Helene Elliott confused the masses with this, in today's LA Times:
Any combination of 19 points earned by the Kings or NOT earned by the ninth-place Calgary Flames will assure the Kings their first playoff berth since the 2001-02 season. Calgary, with 13 games left, has a maximum of 103 points; the Kings, who next face Chicago at Staples Center on Thursday, have 85 points. Nineteen would give them 104 and put them beyond the Flames' reach.
Why is this misleading?
Okay, to back up, she's getting her numbers from Rich Hammond, who outlined the whole thing here. Now, to quote myself explaining the way Rich is calculating the magic numbers compared to the way I have been, here is what I said in the comments:
Rich’s numbers are of course absolutely correct, and the only thing I would add is that any statistic has built-in assumptions. Rich’s magic number accepts that strict mathematical elimination is the standard, and so assumes the absolute worst case scenario of the Flames winning 13 straight.
The Flames have literally the worst schedule of any team in the league, and I think they will be lucky to win 3 of those 13 games. But that’s beside the point.
My version of these numbers [...] makes a different assumption, which is: I begin by making a determination of what the point total of the 8th seed is likely to be, and calculate the record each team needs to get to that mark. Because I want to be conservative, I have chosen 95 points (Rich’s model is 103 points, but changes based on who is in the 9th spot that day and what happens if they win the rest of their games). Historically, the magic number has been in the low 90s, but I selected 95 points because it is at that point total (for the Kings) that making the playoffs becomes a virtual-to-absolute certainty based on simulations such as the ones done by sportsclubstats. I predicted that the magic number could drop to 94 or lower if the competing teams beat the crap out of each other enough (it also could go higher if Calgary, Detroit and Nashville beat everyone else and only lose to each other). I have noticed over the last week or so that 94 is looking more likely, but I’m keeping 95, out of an abundance of caution.
Back to Elliott's article. She says that "any combination of 19 points earned by the Kings or NOT earned by the ninth-place Calgary Flames will assure the Kings [a playoff berth]" Not true. The key to Rich's numbers is whoever the 9th place team is. The Kings have to stay ahead of all the potential eighth place teams. Minnesota could easily catch Calgary by the end of Sunday (they play each other that night). And then Minnesota, not Calgary, will be the team to beat, magic-number-wise.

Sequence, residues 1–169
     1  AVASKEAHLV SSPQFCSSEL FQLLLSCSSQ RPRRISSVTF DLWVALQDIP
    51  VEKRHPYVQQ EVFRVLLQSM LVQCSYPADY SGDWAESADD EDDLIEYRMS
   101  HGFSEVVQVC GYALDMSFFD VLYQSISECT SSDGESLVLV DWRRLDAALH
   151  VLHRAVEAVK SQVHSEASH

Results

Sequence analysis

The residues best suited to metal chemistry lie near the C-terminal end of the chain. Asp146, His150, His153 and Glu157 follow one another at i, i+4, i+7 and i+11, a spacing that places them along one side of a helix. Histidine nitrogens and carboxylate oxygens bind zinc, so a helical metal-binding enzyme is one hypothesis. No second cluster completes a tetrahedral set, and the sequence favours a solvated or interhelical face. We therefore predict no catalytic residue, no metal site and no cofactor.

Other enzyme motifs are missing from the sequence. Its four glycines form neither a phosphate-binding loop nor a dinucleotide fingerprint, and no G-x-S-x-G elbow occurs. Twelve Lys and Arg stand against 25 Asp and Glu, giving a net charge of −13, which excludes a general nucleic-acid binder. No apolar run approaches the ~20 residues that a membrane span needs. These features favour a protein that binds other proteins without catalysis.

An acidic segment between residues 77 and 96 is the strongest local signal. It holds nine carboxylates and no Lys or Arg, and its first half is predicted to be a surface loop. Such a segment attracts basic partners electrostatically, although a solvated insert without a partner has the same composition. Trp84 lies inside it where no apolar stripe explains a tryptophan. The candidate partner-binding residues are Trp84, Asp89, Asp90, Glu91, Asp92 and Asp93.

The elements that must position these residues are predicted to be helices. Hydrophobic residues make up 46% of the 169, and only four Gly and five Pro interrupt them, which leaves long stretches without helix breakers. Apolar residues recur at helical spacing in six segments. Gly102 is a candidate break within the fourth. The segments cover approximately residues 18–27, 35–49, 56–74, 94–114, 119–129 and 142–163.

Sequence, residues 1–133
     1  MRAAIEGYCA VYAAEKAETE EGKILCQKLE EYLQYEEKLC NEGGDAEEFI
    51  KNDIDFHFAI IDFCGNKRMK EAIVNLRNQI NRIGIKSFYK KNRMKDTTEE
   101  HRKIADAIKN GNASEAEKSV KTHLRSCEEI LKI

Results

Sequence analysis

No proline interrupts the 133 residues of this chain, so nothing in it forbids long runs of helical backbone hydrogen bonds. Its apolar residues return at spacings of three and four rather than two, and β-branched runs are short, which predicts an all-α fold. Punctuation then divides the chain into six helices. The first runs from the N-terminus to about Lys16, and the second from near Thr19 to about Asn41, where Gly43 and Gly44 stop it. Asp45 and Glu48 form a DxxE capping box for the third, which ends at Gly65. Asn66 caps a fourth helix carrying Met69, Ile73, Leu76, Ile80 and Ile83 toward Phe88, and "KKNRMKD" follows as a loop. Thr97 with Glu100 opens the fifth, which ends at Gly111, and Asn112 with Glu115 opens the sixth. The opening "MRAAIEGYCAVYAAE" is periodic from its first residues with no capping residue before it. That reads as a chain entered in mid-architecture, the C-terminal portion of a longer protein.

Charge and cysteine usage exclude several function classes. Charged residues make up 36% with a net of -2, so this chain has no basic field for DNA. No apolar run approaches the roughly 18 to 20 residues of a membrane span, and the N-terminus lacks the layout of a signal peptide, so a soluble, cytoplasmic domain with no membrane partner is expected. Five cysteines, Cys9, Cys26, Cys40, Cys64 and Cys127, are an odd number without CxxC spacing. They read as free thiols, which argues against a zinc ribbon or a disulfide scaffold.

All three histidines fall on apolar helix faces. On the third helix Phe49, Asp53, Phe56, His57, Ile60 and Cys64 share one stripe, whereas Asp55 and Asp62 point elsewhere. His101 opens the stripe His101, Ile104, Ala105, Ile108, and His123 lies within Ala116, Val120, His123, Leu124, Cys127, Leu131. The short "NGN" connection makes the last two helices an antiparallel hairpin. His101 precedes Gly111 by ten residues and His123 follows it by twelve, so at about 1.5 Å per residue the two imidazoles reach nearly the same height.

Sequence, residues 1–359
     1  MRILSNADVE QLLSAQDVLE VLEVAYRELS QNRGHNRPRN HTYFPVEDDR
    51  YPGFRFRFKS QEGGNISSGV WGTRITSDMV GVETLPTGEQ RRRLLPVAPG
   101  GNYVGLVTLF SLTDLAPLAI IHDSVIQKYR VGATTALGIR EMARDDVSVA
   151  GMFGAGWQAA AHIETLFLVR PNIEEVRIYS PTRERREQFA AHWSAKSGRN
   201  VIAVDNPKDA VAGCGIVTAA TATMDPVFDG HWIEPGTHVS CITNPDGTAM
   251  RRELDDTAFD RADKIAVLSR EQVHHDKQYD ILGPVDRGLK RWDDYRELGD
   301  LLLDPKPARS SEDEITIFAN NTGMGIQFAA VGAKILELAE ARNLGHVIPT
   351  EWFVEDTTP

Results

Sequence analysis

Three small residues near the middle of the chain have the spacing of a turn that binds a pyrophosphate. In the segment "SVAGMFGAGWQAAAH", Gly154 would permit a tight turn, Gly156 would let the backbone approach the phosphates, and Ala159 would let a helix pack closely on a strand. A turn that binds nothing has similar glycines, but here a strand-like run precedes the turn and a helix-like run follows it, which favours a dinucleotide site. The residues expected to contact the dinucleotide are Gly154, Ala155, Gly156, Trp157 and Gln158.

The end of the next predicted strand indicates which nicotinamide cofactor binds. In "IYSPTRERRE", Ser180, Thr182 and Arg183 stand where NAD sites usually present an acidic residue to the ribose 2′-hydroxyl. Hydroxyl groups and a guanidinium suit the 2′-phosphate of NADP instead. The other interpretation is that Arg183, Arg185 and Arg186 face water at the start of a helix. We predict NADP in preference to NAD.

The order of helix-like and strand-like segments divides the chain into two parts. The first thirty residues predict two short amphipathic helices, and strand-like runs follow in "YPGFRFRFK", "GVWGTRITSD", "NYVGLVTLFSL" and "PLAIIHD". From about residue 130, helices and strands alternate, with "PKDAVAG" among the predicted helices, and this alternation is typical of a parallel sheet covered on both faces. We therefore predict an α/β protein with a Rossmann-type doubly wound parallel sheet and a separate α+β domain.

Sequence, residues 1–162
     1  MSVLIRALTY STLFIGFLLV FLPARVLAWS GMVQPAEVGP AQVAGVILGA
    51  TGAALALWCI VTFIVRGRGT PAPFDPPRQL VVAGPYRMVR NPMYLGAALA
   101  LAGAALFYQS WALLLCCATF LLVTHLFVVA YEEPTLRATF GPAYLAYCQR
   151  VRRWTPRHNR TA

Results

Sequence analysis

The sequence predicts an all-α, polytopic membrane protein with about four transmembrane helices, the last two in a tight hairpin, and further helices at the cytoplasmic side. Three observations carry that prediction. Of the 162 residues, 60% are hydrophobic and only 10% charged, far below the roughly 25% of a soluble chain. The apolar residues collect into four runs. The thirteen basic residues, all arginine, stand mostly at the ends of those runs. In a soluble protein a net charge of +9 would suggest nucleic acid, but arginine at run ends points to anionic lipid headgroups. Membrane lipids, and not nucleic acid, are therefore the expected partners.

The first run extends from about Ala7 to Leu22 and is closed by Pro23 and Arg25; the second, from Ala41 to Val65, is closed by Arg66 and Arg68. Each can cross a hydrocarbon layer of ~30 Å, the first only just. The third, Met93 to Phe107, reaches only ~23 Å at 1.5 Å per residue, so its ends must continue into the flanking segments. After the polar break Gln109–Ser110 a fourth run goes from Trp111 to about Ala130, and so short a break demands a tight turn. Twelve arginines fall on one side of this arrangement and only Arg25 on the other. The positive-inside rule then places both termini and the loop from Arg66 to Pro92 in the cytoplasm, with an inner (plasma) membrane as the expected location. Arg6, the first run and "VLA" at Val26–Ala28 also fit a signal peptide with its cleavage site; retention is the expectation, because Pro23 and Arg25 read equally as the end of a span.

For example, if Calgary loses their next two games, they will only be able to get to 99 points. But if Minnesota wins their next two games, they will be able to get to 100. So the Kings would then need 16 points to top that, instead of 15 (if you're watching Calgary and forgetting about Minnesota).
The LA Times article has Kings fans watching the wrong ball. It's not just Calgary, it's Calgary and Minnesota and St. Louis and Dallas and even Anaheim (who would have to go 12-1-1 to get to 95 points, but it's not yet mathematically impossible for them to do that).
The comments section of Lakingsinsider.com has gone fairly panicky in contemplating the magic numbers. This is due in no small part to the PTSD which every Kings fan suffers thanks to 42 years of torment and/or playoff blue balls. People seem to think the Kings absolutely must get those magic 19 points, or all hope is lost. They don't. I'm hoping they will, because 104 points would be a nice achievement. 105 would be better, since that's the club record (set in '75).
But the fact is, 5-9-0 will get the Kings to 95 points. And that's almost certainly enough. You don't have to look at the other teams (though I do, because it's fun). Just get to 95 points. 94 would probably be enough. 93 might be. 92 probably won't be. So shoot for 95. Everything else will take care of itself.